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The effect of heat and moisture exchanger on humidity and body temperature in a low-flow anaesthesia system

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Abstract:

Background:

Artificial humidification of dry inspired gases seems to reduce the drop in body temperature during surgery. The aim of this study was to evaluate the humidity and temperature of anaesthetic gases with heat and moisture exchangers (HMEs). The secondary aim was to evaluate if HMEs in combination with low-flow anaesthesia could prevent a decrease in the body temperature during general anaesthesia. Methods:

Ninety patients scheduled for general surgery were randomised to receive a fresh gas flow of 1.0, 3.0 or 6.0 l min−1 with or without HMEs in a circle anaesthesia system. Relative humidity, absolute humidity, temperature of inspired gases and body temperatures were measured during 120 min of anaesthesia. Results:

The inspiratory absolute humidity levels with HMEs were 32.7 ± 3.1, 32.1 ± 1.1 and 29.2 ± 1.9 mg H2O l−1 and 26.6 ± 2.3, 22.6 ± 3.0 and 13.0 ± 2.6 mg H2O l−1 without HMEs after 120 min of anaesthesia with 1.0, 3.0, or 6.0 l min−1 fresh gas flows (P < 0.05, between with and without HME). The relative humidity levels with HMEs were 93.8 ± 3.3, 92.7 ± 2.2 and 90.7 ± 3.5%, and without the HMEs 95.2 ± 4.5, 86.8 ± 8.0 and 52.8 ± 9.8% (P < 0.05, between with and without HMEs in the 3.0 and 6.0 l min−1 groups). The inspiratory gas temperatures with HMEs were 32.5 ± 2.0, 32.4 ± 0.5 and 31.0 ± 1.9°C, and 28.4 ± 1.5, 27.1 ± 0.8 and 26.1 ± 0.6°C without HMEs after 120 min of anaesthesia (P < 0.05, between with and without HME). The tympanic membrane temperatures at 120 min of anaesthesia were 35.8 ± 0.6, 35.5 ± 0.6 and 35.4 ± 0.8°C in the groups with HMEs, and 35.8 ± 0.6, 35.3 ± 0.7 and 35.3 ± 0.9°C in the groups without the HMEs (NS). Conclusions:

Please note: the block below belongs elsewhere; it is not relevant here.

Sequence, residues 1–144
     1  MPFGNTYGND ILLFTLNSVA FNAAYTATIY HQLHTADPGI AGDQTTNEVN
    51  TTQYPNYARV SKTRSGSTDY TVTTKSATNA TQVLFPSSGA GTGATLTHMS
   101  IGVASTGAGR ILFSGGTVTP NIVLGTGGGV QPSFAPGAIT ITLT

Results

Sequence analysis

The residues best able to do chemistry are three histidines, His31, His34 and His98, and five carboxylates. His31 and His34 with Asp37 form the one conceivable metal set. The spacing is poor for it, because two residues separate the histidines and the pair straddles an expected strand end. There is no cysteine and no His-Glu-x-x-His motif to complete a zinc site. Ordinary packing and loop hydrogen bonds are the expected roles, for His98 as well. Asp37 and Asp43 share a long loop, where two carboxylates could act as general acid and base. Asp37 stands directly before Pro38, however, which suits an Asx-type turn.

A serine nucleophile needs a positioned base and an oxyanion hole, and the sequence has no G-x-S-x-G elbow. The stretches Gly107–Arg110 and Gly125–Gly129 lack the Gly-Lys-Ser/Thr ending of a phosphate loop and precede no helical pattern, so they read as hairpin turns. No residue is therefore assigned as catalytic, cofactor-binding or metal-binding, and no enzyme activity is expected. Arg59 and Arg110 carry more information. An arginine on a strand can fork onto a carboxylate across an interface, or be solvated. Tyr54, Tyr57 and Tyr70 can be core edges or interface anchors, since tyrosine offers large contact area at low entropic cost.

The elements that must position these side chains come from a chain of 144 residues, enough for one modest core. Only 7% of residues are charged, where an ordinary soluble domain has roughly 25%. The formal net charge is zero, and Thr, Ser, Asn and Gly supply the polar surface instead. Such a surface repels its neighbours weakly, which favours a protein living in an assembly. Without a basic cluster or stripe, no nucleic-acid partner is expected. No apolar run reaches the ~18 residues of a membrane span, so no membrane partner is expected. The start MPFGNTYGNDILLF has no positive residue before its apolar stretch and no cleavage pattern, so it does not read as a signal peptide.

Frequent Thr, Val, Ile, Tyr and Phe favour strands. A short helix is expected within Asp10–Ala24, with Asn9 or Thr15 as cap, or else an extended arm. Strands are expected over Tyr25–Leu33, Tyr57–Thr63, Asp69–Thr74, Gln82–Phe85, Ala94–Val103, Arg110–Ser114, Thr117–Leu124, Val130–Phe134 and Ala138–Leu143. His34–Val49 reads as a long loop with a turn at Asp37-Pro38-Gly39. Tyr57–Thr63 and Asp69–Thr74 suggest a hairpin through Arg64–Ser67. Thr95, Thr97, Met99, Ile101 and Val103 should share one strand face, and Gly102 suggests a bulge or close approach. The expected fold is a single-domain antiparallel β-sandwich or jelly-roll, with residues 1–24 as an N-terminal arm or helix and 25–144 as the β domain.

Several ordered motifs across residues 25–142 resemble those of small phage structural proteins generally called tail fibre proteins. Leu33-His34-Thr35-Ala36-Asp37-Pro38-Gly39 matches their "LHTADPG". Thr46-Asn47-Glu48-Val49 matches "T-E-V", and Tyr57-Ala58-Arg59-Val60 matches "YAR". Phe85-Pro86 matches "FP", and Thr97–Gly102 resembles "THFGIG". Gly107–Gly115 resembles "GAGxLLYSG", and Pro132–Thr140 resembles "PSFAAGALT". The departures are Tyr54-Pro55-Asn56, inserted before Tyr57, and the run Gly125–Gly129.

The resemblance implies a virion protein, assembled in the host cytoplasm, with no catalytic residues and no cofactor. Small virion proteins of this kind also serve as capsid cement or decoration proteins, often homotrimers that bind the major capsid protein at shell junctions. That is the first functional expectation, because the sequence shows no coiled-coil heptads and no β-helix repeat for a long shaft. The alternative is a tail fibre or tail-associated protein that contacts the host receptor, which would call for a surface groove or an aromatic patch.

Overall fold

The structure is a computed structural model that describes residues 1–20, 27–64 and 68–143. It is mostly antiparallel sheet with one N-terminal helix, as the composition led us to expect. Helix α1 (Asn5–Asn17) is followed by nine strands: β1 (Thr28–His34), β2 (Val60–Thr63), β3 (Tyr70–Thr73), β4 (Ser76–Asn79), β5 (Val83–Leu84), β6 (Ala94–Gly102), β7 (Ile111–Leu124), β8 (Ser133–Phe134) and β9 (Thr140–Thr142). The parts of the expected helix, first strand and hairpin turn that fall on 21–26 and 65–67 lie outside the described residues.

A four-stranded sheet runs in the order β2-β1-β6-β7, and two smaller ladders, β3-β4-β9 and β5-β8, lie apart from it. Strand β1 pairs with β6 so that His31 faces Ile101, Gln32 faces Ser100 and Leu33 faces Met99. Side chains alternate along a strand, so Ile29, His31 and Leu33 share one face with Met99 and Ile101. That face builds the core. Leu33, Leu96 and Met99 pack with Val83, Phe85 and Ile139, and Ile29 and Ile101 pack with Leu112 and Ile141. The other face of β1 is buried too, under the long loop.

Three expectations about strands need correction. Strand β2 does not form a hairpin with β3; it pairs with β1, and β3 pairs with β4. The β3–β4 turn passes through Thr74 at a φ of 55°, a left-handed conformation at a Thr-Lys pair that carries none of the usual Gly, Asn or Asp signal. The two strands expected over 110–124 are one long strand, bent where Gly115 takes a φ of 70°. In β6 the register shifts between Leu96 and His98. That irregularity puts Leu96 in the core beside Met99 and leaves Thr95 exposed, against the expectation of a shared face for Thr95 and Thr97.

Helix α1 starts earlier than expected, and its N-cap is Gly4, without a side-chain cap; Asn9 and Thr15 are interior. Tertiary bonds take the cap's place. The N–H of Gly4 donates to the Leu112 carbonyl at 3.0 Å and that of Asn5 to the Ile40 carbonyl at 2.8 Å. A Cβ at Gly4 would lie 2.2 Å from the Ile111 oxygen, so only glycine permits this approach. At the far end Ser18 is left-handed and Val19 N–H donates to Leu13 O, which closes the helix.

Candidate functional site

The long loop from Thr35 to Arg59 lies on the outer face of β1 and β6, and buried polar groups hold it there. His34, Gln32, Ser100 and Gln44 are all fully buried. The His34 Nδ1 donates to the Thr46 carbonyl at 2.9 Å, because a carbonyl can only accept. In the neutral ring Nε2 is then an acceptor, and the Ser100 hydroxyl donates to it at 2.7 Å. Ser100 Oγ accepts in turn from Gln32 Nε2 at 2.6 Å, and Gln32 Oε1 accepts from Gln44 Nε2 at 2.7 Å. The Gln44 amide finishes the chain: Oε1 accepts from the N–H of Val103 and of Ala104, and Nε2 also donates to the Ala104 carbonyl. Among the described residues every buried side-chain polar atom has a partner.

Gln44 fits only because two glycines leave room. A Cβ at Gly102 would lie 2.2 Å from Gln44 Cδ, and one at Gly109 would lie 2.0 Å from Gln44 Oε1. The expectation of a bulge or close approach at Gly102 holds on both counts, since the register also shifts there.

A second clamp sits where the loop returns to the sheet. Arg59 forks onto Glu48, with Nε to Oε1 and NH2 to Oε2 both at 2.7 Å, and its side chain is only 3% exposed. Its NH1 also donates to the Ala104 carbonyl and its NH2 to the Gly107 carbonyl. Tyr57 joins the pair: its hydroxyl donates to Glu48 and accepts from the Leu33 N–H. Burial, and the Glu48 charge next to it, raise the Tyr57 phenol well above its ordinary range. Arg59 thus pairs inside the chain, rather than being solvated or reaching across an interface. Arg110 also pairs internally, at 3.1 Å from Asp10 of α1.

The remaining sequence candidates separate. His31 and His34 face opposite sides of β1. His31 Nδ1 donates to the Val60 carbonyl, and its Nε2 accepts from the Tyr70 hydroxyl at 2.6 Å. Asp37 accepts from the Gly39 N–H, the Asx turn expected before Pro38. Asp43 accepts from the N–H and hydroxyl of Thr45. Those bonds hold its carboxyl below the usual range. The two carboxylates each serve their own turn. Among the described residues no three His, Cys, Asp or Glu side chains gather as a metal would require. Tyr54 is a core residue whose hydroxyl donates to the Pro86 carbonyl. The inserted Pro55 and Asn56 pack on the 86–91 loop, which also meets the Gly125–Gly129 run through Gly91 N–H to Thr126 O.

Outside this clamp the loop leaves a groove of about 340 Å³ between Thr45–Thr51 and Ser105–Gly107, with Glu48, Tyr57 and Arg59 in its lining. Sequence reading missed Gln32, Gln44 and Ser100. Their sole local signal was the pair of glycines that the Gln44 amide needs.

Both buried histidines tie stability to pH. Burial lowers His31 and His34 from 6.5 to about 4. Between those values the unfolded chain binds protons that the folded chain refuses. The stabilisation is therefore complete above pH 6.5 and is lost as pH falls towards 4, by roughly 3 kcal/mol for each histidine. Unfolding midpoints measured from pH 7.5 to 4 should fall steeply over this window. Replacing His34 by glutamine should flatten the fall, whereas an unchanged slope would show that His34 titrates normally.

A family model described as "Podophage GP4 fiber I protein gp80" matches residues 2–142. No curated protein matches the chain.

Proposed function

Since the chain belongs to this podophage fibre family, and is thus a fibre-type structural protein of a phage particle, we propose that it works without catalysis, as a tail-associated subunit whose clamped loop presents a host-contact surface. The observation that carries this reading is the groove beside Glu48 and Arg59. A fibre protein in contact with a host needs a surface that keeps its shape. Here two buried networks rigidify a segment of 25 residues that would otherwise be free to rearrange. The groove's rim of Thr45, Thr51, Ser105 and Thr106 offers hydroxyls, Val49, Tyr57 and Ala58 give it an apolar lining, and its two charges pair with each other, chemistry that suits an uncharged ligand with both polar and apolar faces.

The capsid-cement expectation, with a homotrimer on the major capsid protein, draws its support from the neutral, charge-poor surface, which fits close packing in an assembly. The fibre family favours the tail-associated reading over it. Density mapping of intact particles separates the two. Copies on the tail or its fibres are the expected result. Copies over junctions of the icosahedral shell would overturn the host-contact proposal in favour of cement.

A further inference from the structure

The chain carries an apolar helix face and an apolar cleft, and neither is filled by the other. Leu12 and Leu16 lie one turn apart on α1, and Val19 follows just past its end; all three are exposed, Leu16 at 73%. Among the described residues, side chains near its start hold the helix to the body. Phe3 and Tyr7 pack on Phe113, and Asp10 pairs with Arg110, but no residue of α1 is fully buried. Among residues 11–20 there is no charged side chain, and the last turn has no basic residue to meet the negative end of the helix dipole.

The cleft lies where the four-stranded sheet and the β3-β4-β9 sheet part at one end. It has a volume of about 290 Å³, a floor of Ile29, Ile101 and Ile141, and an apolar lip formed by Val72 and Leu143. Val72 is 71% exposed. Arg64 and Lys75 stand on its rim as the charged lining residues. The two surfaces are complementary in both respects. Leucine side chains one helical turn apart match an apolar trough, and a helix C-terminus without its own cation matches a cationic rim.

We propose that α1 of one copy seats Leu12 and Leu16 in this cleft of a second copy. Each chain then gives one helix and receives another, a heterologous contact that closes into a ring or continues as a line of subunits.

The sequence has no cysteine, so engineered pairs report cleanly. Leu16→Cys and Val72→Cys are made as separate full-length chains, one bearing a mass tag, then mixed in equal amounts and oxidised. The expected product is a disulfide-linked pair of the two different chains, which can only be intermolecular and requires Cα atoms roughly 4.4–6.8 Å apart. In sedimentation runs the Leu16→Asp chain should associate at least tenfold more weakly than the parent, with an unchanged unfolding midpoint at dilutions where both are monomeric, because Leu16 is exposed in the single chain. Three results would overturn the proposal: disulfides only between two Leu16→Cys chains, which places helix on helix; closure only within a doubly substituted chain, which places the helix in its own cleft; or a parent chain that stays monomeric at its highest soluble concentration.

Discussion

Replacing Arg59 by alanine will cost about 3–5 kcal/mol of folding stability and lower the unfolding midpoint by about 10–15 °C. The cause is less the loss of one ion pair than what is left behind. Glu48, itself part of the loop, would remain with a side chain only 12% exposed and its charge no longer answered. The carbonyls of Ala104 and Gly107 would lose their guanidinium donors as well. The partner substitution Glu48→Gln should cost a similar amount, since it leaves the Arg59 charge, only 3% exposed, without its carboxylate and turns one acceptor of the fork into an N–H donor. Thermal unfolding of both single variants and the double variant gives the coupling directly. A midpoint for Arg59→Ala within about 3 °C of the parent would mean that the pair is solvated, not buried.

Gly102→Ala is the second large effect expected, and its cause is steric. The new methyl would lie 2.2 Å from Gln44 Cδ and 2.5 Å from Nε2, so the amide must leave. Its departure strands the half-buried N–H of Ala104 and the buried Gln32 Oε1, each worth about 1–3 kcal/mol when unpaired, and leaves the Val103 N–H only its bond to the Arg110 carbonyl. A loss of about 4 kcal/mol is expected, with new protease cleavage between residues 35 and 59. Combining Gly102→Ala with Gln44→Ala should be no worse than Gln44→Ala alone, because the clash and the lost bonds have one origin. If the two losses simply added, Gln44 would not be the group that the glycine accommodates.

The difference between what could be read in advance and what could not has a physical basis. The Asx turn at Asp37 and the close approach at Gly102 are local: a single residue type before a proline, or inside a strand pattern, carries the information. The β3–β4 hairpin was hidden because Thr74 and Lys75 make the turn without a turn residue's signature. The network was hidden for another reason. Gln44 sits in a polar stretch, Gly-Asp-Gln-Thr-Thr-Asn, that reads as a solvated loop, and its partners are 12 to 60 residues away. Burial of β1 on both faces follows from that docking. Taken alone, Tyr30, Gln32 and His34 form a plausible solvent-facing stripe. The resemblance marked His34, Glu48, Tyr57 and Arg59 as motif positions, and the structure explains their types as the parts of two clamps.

The HMEs improved the inspiratory absolute humidity, relative humidity and temperature of the anaesthetic gases during different fresh gas flows. However, the HMEs were not able to prevent a body temperature drop during low-flow anaesthesia.

Keywords: Anaesthesia; anaesthetics; equipment; humidity and temperature; isoflurane; low-flow; main measures; nursing; rebreathing circle circuit, heat and moisture exchanger

Document Type: Research Article

DOI: https://doi.org/10.1034/j.1399-6576.2003.00108.x

Affiliations: Department of Anaesthesiology and Intensive Care, Lund University Hospital, Lund, Sweden

Publication date: 2003-05-01

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